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While it’s unsurprising now when racist, homophobic or anti-Semitic posters crop up on college campuses, a rarer event is the white nationalist culprits sticking around to pose for photos.

But such is the case at Southern Methodist University, where police are currently investigating banners and posters espousing white supremacy that were hung over the weekend. Experts say white supremacists intentionally mean to rattle college campuses by being photographed with their handiwork.

Members of Texas Vanguard, an offshoot of Vanguard America, the white nationalist group that has grown in prominence since the presidential election, on Twitter claimed credit for the signs at Southern Methodist, which read, “Reclaim America. No more tolerance, no more diversity” and “White men! Save your people! Reject the opioid beast!”

Another poster mocked gay pride, insinuating gay people are more likely to contract sexually transmitted diseases and that they molest children.

In front of one banner, two members of the group gave the Nazi salute and posted a picture of it to Twitter, writing that they “had a great night.”

They were captured with skull masks covering their mouths, but campus police released images of five people, barefaced, who they believe posted the materials.

This image from the Southern Methodist University police show suspects who may have posted white nationalist fliers on campus.Such tactics -- white nationalists proving they visited campus -- can be used to scare minority students, said Carla Hill, an investigative researcher with the Anti-Defamation League’s Center on Extremism.

While largely white supremacist movements started simply spreading their propaganda in the cloak of darkness, the contemporary political climate has buoyed them, Hill said. A common practice among Patriot Front -- another group closely aligned with the “alt-right,” characterized by fringe, right-wing and racist views -- is its members hanging large banners on overpasses and being photographed from a distance, so the public knows they were there, but their faces are unrecognizable.

In the bloody riots in Charlottesville, Va., in August, though, white nationalists felt emboldened enough to show their faces for a torch-lit march around the University of Virginia campus, which was followed by a riot the next day, where a woman was killed when a white supremacist drove his car into a group of counterprotesters.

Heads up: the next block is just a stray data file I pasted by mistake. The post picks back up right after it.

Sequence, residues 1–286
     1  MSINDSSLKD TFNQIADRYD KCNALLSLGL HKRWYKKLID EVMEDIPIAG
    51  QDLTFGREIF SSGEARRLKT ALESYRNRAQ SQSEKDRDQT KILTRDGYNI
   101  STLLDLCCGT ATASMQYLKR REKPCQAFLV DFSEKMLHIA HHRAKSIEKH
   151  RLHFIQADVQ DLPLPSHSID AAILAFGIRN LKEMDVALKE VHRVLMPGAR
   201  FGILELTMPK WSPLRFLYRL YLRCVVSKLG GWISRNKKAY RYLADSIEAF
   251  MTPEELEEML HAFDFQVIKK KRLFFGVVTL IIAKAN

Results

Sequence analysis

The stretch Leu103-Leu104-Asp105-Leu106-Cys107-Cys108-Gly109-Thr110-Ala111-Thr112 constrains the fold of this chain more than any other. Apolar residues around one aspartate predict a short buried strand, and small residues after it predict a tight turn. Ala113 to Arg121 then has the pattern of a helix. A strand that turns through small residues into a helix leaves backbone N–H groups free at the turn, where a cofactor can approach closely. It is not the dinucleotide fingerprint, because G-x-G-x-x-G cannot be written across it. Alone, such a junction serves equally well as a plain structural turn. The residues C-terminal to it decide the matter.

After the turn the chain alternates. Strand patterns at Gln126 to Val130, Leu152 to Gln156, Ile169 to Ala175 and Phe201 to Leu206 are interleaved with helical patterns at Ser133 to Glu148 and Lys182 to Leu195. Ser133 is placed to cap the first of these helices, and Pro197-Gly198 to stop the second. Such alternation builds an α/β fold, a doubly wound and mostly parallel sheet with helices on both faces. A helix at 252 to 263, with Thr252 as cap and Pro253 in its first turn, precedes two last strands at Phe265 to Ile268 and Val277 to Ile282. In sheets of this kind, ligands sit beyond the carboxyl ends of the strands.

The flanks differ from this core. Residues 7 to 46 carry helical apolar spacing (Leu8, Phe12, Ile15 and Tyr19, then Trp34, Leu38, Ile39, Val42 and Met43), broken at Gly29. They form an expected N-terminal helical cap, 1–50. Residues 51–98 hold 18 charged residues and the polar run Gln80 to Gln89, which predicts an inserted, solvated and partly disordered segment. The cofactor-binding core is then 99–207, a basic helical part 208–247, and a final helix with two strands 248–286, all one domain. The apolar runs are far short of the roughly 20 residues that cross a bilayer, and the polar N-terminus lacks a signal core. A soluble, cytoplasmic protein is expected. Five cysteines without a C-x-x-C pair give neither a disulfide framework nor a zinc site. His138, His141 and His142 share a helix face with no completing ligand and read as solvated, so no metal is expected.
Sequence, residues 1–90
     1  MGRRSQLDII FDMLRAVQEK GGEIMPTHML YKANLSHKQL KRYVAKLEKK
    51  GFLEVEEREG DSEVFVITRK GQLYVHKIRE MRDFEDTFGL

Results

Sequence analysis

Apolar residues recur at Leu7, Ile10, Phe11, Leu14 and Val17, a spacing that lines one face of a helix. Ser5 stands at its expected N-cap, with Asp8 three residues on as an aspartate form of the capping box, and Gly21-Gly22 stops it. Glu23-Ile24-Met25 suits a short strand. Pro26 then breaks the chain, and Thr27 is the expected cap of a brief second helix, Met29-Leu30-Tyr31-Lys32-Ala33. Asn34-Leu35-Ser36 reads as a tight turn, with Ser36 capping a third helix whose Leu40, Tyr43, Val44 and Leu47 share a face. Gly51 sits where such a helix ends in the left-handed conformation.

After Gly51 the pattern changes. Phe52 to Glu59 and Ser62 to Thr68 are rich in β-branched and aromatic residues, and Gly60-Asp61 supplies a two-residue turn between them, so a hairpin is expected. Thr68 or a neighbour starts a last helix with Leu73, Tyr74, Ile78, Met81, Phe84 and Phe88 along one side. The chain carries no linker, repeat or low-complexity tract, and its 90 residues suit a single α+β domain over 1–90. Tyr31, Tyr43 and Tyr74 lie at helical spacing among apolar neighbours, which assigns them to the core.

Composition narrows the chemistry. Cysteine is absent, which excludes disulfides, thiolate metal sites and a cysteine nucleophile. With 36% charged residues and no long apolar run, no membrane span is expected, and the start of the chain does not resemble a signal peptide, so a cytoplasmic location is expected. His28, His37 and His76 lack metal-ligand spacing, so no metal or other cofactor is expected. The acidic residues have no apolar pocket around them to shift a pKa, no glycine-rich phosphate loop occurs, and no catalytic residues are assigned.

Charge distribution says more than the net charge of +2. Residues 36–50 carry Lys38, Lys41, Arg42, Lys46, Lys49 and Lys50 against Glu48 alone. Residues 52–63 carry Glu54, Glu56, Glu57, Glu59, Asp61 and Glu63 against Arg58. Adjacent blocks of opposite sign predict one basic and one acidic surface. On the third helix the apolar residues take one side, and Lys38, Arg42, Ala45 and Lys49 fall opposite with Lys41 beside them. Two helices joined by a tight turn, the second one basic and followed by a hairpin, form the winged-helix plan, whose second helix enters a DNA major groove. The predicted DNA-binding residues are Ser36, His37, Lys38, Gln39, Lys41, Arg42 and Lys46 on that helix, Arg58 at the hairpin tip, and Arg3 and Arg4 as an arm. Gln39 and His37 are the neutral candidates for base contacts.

When internet sleuths outed some of the men involved with the UVA demonstration and they lost their jobs, supporters of the white nationalist movement were galvanized to raise money for them so they continue their so-called activism, Hill said.

“It shows you’re more hard-core if you’re willing to show your face,” Hill said. “Typically, they get doxed, but they get a lot of support from the movement. You’re kind of a martyr when you get exposed and continue to be an activist.”

Since September 2016, the ADL has tracked 310 incidents of white nationalist propaganda on college campuses, with the numbers escalating -- 127 of those events occurred since September of this year, Hill said. Of the 310 incidents, 55 were based in Texas, which is where Southern Methodist is located.

Hill said she has not counted how many times white supremacists have posed with these posters.

President R. Gerald Turner released a statement that said anyone hanging “unauthorized” signs would be prosecuted.

“While SMU strongly supports freedom of speech and expression, the outside group featured on these signs promotes an abhorrent message that is opposite to SMU values,” Turner said in his statement. “Our university community is deeply committed to maintaining an educational environment that is welcoming and inclusive. As an institution dedicated to learning, we value respectful and civil discourse.”

Southern Methodist has encountered such fliers before. Posters listing the reasons why white women shouldn’t date black men were tacked around campus last semester, and a student was punished for hanging up fliers in response titled “why white women should date black men” that contained some clichés some might consider offensive. The student who posted the second round of fliers violated the institution’s conduct code and was given a deferred suspension.

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